That makes complete sense. And I think that a lot of the ad networks are interested in fraud prevention and what other industry leaders are doing around prevention as well, because they don’t want networks to be fraudulent. For the most part, these ad networks know that fraud can impact their reputation and they want help to stop it. Fraudsters are constantly evolving. We have to be willing to share your solution with ad networks—teaching them, presenting data. That’s the best bet for everyone in the industry, especially marketers.

To add to that, Singular has been amazing, because we’ve detected so much fraud, like APK fraud especially. We have so many APK downloads out there, in aggregate. To be able to have that capability and categorize these as a separate source—to be able to see all the installs that aren’t from Google Play, we’ve been able to detect fraud down to the version. So, if your app version is at 4.0 but you’re still seeing installs coming from 3.0, then you know there’s something really, really fishy going on. To be able to customize that? Oh my gosh—it’s helped a lot. I really, really like that feature.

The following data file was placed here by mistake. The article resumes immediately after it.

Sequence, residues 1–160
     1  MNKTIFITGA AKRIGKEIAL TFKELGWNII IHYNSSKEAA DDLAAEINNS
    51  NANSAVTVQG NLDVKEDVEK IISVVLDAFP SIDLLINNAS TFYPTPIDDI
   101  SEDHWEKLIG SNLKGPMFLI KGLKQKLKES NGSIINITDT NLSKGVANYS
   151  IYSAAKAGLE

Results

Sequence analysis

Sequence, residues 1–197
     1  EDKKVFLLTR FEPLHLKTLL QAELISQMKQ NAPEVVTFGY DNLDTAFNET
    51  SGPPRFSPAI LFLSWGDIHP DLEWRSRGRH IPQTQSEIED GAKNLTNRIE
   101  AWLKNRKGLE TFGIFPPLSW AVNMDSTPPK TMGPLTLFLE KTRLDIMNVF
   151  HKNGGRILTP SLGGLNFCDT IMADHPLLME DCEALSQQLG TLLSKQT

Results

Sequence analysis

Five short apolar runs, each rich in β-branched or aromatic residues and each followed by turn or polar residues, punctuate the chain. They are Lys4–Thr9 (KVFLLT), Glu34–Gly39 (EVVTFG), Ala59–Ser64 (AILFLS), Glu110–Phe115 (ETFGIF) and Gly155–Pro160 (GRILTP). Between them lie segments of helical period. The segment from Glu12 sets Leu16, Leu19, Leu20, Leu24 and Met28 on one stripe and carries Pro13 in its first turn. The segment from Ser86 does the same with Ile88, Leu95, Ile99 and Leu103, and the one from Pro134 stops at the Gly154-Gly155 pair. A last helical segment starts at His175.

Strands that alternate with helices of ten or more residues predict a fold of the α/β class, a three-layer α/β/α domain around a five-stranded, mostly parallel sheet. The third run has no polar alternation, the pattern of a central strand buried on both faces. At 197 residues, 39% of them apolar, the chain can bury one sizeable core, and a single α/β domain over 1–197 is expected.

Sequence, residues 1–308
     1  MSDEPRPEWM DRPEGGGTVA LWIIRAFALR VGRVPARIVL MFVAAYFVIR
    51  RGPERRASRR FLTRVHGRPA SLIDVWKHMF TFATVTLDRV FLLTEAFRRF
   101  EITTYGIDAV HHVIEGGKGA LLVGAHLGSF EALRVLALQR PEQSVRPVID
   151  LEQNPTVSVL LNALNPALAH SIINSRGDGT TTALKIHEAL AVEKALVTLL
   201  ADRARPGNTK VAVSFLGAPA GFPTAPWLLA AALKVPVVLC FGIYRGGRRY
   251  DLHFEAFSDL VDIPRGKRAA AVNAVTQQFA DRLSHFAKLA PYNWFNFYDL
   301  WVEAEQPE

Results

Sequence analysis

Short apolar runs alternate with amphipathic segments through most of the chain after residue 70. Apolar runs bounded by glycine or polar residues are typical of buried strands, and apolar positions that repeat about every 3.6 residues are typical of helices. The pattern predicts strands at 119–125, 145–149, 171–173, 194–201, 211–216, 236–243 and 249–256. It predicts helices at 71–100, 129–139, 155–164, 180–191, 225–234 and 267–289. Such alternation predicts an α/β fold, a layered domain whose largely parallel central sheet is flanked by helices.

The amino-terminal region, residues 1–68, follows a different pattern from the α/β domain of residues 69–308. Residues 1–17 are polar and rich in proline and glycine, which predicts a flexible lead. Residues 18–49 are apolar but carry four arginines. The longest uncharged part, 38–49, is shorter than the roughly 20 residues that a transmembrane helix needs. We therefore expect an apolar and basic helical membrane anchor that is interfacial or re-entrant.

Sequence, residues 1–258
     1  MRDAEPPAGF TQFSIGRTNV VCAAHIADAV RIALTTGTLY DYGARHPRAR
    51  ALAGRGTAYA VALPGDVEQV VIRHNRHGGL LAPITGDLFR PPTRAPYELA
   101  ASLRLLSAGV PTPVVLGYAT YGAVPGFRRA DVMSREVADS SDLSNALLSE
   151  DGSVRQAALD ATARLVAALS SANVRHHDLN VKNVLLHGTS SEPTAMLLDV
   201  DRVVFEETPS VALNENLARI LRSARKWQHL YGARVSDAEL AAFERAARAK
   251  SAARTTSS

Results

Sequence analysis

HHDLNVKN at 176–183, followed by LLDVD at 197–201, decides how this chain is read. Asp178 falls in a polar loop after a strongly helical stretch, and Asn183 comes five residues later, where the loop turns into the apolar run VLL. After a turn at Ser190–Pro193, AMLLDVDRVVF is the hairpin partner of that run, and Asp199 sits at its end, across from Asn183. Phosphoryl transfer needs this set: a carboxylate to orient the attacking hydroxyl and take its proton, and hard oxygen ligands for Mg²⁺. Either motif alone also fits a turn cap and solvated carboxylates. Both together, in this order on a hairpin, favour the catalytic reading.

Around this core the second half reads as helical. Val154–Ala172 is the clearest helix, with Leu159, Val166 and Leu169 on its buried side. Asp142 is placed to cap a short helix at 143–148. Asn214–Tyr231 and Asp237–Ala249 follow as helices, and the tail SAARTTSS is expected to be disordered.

Love it! That’s music to our ears. Mary, this has been a great conversation. Thank you so much.

About Game Hive: Founded in 2009, Game Hive is a pioneer in creating the best game experiences across multiple mobile platforms. With hit titles generating 200+ million downloads, Game Hive strives to simply make games the way they dreamed about when they were kids.

Playing the ROI Game: How Gaming Advertisers Are Winning a $150 Billion+ Market